Farm animals' friendships laid bare
Ulster's pigs compete in a popularity contest that's as tough as any American high school, new research has revealed.
Dairy cows and pigs at a research centre in Hillsborough, Co Down, form close friendships just as humans do - and newcomers can be ostracised to the extent that they lose out on food and places to lie down.
The friendships of farm animals have been laid bare in new research carried out by Dr Niamh McConnell at the Agri-Food and Biosciences Institute (AFBI) in Hillsborough, in conjunction with the School of Psychology at Queen's University, Belfast.
Modern farming practice can cause social upheaval within the groups of animals, so the research may help discover how to minimise stress. Dr McConnell said: "I'm particularly interested in how animals relate to each other. Under natural conditions, animals live in stable groups and, with farming practices, that is not always possible."
She studied the herd of finishing pigs at the centre, discovering that the animals formed firm friendships within the group.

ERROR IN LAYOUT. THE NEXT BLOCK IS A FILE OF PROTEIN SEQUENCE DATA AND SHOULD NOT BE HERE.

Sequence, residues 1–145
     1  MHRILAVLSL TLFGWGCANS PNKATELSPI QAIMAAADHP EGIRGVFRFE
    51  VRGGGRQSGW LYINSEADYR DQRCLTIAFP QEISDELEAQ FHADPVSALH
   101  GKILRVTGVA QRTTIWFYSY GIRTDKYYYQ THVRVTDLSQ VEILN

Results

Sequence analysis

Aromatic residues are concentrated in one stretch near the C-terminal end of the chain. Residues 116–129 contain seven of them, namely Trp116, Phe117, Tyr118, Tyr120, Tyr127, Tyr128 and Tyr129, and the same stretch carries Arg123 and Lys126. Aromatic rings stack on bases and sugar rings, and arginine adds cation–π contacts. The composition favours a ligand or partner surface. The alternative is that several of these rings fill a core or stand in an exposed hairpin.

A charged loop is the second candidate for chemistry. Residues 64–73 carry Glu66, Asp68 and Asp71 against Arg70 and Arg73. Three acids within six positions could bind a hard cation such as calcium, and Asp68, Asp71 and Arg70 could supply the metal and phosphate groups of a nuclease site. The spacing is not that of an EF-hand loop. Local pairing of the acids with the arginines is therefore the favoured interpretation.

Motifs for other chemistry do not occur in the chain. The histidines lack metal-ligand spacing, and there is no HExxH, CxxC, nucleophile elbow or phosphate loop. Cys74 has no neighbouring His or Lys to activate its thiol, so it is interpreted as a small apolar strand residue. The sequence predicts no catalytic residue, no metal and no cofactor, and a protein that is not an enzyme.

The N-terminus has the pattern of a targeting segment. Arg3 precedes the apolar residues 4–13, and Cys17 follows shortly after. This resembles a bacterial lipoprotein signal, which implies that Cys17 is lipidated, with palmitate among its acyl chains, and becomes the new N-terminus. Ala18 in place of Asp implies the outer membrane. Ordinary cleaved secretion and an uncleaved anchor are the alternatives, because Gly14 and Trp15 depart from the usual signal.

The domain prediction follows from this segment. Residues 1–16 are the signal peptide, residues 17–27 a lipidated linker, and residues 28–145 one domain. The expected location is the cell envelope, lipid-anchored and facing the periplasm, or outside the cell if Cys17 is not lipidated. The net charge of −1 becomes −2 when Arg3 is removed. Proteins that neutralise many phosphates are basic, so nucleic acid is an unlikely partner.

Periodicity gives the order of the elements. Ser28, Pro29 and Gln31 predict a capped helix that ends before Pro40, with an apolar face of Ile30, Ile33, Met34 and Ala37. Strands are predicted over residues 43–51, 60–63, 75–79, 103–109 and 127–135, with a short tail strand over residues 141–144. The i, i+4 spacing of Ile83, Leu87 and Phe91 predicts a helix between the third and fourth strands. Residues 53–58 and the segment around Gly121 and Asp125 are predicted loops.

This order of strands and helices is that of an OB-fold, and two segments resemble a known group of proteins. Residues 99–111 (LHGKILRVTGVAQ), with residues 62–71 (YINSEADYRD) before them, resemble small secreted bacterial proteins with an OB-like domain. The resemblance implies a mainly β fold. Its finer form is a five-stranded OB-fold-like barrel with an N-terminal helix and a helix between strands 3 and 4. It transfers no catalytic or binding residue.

"What was interesting was that some seemed to be more popular than others - some had a number of friendships; others didn't," she said.
"This may explain why routine farming practices associated with splitting and reforming groups have greater impacts on some animals than others."
Her observations revealed that some of these friendships were short-term and fickle, while others were longer-term stable relationships.
Meanwhile, studies of the centre's sows and Friesian dairy cattle revealed that young animals being added to an established group don't integrate well.
"Sometimes they have difficulties getting access to lying areas and food," Dr McConnell said.
"But they form very strong bonds with the animals they are added in with."
McConnell advised that when animals are added to groups, it should be in pairs or small sub groups, so that they can thrive.